If you have been married to a South African citizen or a foreign national who holds permanent residence in South Africa for at least five years or more, you can apply for a spousal permit in South Africa, which allows permanent residence in South Africa. You must enter the country every three years to maintain the permit but you don’t have to live in South Africa permanently. Also, you’re free to study, work, or set up a business as you wish, unlike with a temporary spousal permit.
You must prove to the South African authorities that the relationship between you is still valid within the first two years of the permit, along with other documentation. If your relationship ends or your relationship is no longer valid, then your South African spousal permit will lapse – although this doesn’t apply if your wife or husband passes away.
The processing time is 8–10 months for the DHA to make a decision. The application charge is the VHS service fee of ZAR 1,350.
Life partner visa South Africa
If you have been the permanent partner for at least two years of a South African citizen or a foreign national with permanent residence in South Africa, you can apply for a temporary life partner visa in South Africa, provided you meet the conditions. If you’ve been together for five years, you can apply for a permanent South African life partner permit.
The life partner visa and permit are available to both same-sex couples and heterosexual couples. Partners who have been together for less than two years will have to consider other visa options.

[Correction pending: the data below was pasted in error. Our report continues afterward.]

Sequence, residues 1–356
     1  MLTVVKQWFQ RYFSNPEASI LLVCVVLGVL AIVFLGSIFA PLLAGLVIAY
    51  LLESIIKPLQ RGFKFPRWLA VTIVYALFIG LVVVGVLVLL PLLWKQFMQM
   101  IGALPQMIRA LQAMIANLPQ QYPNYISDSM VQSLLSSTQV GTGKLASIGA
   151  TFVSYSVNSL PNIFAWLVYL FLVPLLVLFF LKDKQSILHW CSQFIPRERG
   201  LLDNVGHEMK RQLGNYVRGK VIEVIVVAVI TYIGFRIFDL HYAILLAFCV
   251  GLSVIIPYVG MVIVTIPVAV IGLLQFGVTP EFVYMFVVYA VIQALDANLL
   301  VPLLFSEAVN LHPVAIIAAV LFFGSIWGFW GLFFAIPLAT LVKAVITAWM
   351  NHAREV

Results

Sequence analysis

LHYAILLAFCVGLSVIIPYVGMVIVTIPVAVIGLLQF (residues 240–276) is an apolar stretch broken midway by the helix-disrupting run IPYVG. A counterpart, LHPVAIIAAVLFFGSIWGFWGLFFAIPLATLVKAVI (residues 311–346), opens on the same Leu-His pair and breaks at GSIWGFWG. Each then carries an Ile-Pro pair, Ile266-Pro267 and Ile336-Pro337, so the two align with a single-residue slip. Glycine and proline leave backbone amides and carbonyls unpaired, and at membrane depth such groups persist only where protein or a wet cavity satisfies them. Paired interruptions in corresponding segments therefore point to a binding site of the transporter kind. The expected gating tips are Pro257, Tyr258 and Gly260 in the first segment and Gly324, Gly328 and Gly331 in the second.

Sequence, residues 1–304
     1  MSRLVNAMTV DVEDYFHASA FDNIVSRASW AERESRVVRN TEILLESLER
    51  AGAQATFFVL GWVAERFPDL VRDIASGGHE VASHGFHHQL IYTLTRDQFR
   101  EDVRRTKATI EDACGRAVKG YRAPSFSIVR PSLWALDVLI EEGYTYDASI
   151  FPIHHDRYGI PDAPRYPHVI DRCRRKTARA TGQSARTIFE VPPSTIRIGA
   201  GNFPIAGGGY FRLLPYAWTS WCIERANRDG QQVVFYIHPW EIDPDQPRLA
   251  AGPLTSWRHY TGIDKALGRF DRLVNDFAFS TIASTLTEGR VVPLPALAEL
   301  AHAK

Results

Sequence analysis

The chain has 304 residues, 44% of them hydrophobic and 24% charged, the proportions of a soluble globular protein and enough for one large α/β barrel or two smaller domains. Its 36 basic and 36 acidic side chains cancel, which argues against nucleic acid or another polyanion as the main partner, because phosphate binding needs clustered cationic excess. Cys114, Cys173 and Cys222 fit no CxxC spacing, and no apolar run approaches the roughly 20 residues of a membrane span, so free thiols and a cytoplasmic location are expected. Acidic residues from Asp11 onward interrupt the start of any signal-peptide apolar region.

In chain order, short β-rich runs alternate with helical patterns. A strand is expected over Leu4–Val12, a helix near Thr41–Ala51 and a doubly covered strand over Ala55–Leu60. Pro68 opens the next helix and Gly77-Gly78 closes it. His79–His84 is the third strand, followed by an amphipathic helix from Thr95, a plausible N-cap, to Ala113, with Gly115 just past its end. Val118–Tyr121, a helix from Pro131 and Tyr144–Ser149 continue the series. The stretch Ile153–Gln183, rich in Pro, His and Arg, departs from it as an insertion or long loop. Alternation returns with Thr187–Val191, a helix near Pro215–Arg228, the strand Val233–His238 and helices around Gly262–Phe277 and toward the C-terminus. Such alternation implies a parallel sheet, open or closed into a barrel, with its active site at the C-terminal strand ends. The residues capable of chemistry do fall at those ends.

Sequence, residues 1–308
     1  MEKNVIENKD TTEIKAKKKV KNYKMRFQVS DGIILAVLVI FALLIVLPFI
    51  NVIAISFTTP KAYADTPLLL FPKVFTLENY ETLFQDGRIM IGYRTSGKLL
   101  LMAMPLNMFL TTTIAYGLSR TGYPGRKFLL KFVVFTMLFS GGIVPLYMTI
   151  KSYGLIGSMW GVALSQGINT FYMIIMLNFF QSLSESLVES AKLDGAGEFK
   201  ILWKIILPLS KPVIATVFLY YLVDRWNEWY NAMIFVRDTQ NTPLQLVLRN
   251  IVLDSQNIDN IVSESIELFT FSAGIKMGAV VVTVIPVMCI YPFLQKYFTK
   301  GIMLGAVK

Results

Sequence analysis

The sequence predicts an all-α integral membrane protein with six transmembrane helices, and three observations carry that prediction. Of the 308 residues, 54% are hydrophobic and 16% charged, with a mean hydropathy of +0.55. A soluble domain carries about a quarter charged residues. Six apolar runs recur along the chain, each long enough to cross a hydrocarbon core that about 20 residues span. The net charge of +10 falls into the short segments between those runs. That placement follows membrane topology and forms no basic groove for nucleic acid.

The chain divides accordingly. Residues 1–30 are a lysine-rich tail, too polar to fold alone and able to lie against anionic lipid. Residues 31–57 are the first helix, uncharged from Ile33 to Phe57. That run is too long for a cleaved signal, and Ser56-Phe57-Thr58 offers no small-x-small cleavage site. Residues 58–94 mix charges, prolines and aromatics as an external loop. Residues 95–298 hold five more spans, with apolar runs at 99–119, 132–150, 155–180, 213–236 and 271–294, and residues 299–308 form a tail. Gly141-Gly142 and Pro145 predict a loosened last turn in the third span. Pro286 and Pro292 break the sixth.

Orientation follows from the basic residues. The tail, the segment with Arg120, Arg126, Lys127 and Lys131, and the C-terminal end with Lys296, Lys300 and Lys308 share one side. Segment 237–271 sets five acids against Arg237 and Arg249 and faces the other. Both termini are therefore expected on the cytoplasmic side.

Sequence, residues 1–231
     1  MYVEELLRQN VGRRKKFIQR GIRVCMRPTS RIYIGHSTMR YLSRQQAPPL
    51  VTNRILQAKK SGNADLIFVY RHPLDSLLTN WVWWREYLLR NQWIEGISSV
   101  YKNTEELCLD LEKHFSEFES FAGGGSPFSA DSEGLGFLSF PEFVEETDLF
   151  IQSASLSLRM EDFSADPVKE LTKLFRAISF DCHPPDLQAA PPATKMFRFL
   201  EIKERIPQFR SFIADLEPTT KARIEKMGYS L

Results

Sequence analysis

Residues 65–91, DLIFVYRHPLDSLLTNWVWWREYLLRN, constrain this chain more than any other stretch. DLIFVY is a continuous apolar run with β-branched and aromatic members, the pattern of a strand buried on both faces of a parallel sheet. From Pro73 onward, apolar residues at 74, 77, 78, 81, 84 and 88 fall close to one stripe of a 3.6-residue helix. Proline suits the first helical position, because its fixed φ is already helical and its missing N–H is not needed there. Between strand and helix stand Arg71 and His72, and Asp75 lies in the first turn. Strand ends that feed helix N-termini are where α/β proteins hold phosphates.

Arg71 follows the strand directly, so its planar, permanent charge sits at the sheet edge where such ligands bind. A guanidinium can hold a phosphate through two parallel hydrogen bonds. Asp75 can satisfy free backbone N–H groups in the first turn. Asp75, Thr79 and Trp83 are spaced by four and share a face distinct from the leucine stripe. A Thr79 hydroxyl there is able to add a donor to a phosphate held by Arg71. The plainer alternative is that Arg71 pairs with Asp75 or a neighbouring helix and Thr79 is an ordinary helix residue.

According to the Department of Home Affairs, a life partnership ‘must be intended to be permanent, exclude any other person and involve cohabitation, an obligation of mutual emotional support between the parties and a reciprocal obligation to support one another financially’.
You must also prove you have been partners for the specified time periods, for example, by showing evidence of shared financial responsibilities and letters/affidavits from family and friends confirming your relationship. You must be living with your partner at the time of your application and have proof of this. For the life partner permit, it is compulsory to be interviewed, both separately and together, for the authorities to decide whether or not your relationship complies with the official definition.
You usually have to apply from your home country unless you are already in South Africa on another permit. A temporary life partner visa in South Africa last for up to three years; however, you cannot study, work, or set up a business but can apply for an endorsement. With a permanent South African life partner permit, you are free to study or work without restriction.
Relatives permit South Africa